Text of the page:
VC is one of the big reasons that EoS has become a force in the metro-networking sector. Developed by the International Telecommunication Union (ITU), the VC spec allows carriers to provision OC-48 (SONET) or STM-16 (SDH) pipes on an STS-1 (51.84-Mbit/sec) or STS-3/VC-4 (155-Mbit/sec) basis. Therefore, designers can band together the appropriate number of STS-1s or VC-4s to support a Gigabit Ethernet (GbE) stream while provisioning a different set of STS-1s/VC-4s to handle a Fast Ethernet stream. Hence, VC enables the equipment and ultimately the service provider to provide multiple right-sized channels for an increasing number of data applications over SONET.
For example, transporting GEoS using older technology would result in a 42% bandwidth efficiency when using an STS-48c (2.5-Gbit/sec) contiguously concatenated channel. With the older concatenation approach, the network provider could slice up his capacity in an OC-48 link into units of STS-1 (51.84 Mbits/sec), STS-3/STM-1 (155 Mbits/sec), or STS-12/STM-4 (622 Mbits/sec). However, it was not possible to mix and match the various pipes, because there would be no guarantee that the same pipes would be available at both ends of the network.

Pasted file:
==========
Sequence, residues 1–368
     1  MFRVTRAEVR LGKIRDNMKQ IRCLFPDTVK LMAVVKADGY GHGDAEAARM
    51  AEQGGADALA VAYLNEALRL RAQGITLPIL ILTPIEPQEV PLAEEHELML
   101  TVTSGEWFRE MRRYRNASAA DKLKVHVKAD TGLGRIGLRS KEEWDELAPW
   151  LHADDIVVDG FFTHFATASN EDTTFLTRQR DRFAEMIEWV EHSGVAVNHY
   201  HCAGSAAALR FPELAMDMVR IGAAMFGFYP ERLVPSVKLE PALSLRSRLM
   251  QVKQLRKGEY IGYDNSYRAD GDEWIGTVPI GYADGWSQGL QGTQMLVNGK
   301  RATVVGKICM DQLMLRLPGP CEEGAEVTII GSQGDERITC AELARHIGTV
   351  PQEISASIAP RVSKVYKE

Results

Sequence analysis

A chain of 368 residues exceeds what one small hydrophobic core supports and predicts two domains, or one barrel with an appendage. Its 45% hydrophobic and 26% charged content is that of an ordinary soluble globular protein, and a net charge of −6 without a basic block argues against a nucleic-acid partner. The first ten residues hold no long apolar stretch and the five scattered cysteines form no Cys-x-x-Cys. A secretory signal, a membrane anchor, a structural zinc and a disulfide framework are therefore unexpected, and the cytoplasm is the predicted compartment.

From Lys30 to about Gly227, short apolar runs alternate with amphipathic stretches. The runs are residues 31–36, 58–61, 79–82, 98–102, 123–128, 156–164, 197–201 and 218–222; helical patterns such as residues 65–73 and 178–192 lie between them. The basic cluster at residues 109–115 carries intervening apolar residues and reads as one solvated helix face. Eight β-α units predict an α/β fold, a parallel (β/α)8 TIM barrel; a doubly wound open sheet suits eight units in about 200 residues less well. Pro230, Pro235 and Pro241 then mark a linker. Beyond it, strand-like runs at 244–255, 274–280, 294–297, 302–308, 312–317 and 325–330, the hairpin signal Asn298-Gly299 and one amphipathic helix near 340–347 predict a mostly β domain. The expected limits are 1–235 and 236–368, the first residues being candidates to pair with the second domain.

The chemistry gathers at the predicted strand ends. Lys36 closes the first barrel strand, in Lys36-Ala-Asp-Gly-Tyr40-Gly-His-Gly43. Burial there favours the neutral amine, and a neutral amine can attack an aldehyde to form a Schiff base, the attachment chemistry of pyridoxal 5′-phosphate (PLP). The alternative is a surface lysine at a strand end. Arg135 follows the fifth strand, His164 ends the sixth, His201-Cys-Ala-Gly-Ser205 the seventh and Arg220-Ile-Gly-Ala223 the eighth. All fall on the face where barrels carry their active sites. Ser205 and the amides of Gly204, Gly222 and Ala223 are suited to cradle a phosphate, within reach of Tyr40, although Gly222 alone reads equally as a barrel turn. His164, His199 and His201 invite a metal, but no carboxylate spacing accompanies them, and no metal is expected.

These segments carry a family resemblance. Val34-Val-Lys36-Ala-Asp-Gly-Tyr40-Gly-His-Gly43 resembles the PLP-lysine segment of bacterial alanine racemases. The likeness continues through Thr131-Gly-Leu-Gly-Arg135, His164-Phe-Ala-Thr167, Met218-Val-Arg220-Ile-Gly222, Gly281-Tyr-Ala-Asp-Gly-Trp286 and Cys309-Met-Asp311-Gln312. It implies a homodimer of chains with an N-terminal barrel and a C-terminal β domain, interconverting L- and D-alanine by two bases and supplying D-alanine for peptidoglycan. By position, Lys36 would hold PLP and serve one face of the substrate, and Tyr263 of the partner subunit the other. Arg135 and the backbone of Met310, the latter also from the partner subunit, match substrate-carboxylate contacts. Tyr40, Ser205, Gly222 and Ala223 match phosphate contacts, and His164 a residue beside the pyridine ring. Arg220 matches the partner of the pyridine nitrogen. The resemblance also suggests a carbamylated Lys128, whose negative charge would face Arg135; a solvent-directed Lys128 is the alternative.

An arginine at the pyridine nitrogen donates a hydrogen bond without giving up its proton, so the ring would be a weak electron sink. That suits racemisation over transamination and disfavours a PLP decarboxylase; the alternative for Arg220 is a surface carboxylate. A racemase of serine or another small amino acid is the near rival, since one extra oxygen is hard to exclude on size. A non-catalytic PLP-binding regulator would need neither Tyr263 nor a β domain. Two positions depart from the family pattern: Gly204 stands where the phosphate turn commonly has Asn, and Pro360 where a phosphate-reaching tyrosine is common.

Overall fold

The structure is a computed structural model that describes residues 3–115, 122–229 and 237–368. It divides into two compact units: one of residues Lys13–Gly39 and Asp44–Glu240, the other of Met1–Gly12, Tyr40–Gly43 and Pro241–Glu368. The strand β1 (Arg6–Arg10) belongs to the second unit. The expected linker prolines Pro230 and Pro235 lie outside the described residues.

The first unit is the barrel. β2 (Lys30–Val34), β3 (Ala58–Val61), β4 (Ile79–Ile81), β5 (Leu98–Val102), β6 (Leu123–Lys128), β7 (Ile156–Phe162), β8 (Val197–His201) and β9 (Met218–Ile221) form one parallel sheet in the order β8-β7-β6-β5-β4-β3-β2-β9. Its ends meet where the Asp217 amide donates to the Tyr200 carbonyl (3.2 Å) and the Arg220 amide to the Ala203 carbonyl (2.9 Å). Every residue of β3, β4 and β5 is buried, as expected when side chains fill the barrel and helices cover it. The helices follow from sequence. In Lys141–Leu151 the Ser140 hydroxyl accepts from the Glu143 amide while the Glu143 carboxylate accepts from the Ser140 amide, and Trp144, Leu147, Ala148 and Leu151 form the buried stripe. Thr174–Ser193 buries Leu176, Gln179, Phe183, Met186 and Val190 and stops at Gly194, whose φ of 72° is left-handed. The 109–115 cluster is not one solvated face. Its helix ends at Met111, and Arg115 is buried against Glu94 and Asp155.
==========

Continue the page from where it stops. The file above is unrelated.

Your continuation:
The new approach solves this problem using VC techniques that support different-sized pipes. With VC, the GEoS network provider can achieve 95% utilization of the transport channel for data applications (STS-1-21v for each GbE stream for SONET or VC-4-7v for SDH), and the remaining STS-1/VC-4 channels may still be used for voice applications. In some multiprotocol applications, VC may reduce wasted capacity by as much as 75%.
In addition, VC enables a new service level, opening the possibility for enhanced revenues. With VC, it is possible to assign "protection bandwidth" to a signal in a virtually concatenated group that requires some level of capacity insurance. That means a service provider can reserve some level of bandwidth availability for a particular application and charge a premium for such service.
The GFP is also a key ingredient in the adoption of EoS technology. Defined under the ITU G.7041 specification, GFP is a protocol-agnostic frame delineation and encapsulation mechanism for transporting arbitrary datagrams or packets (e.g., Ethernet packets).